If you care about female leadership in business, recent research from a review set up by the UK government may leave you stunned. Researchers probing the relative dearth of women in high echelons of the UK’s largest companies shared some of the reasons FTSE 350 board chairs and CEOs offered for not putting more women on their boards. “Most women don’t want the hassle or pressure of sitting on a board,” was one rationale. Or how about, “We have one woman already on the board”?
The attitudes revealed by the comments may shock you and, unfortunately, they remain widespread in global C-suites. While women currently hold 25% of board positions at FTSE 350 companies, that number is much lower in the United States. It’s easy to become pessimistic, but I would rather focus on what we can learn from the best boards. A recent analysis my McKinsey colleague and I conducted of the 50 S&P 500 companies with the highest percentage of women on their boards shows at least 33% of their board seats occupied by women, a 24-percentage-point jump since 2005.
These companies’ experiences are salutary for boards lagging on diversity—including those British leaders who offered up their outdated views. So I’d like to take some of their most common rationales for not putting women on boards and rebut them with the words and recommendations of leaders who know to get board diversity right.
Even laggards acknowledge that increasing the percentage of women in the workforce and on boards is the right thing to do, but a general conviction isn’t sufficient. What’s too often missing is a sense of urgency, says Fabrizio Freda, president and CEO of the Estée Lauder Companies. “People believe we are going to get there eventually,” he says, “but that is not enough. It’s too slow.”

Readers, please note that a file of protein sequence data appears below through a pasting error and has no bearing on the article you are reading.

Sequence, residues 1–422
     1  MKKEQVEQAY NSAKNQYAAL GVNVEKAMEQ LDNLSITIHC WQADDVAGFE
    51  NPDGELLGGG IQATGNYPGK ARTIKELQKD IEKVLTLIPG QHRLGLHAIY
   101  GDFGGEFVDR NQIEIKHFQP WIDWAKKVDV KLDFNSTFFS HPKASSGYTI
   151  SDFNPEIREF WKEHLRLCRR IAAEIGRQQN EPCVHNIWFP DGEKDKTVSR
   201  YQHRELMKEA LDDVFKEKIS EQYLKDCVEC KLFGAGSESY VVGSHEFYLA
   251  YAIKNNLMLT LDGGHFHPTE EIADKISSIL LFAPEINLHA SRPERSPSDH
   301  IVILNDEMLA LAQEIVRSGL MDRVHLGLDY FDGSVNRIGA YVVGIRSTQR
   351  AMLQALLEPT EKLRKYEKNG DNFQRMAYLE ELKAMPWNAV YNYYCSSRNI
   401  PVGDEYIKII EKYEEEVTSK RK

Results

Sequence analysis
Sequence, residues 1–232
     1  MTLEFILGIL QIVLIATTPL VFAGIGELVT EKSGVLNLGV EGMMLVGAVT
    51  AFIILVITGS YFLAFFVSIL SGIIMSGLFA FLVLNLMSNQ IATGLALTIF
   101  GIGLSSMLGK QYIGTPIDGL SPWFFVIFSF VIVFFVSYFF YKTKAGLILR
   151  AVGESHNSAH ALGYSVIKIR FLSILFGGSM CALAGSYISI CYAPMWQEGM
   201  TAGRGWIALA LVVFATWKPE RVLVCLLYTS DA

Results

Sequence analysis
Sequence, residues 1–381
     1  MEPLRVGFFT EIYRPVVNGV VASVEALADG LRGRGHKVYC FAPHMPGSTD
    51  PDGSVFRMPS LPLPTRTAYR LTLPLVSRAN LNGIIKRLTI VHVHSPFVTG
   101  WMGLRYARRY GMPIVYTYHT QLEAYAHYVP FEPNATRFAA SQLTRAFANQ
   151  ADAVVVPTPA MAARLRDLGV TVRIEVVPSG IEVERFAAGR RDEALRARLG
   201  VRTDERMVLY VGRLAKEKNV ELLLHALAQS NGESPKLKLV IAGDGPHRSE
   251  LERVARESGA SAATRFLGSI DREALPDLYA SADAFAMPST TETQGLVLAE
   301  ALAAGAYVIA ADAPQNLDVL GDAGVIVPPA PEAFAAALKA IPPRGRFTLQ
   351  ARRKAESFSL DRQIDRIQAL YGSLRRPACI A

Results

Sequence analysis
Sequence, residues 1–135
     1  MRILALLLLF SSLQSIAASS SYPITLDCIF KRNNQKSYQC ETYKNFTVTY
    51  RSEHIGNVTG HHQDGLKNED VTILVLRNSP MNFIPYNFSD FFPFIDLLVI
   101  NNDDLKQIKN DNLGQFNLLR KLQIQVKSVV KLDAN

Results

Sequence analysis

Freda and other executives insist that meaningful change will come only when executives make fewer excuses and instead adopt a set of goals and motivations. For some, that means establishing a target number of board positions occupied by women, while others ensure that the list of candidates is diverse from the beginning, without adherence to a quota. As Mary Dillon, CEO of Ulta Beauty, explains, “We continue to make an active effort to make sure that the slate is diverse. Just the act of being cognizant, and having it top of mind, will drive action.”
Some companies cite the small pool of female executives with particular experiences as a continuing challenge in fostering board diversity, especially in areas such as digital technology. Overcoming this hurdle requires openness to creative solutions. One is to move beyond focusing a search on executives with prior board experience. Dan McCarthy, president and CEO of Frontier Communications, notes that many of the women on his board were first-time directors. “We were willing to take risks on individuals,” he says. “We look for someone who has the ability to move from the tactical to the strategic, and it has turned out to be great.”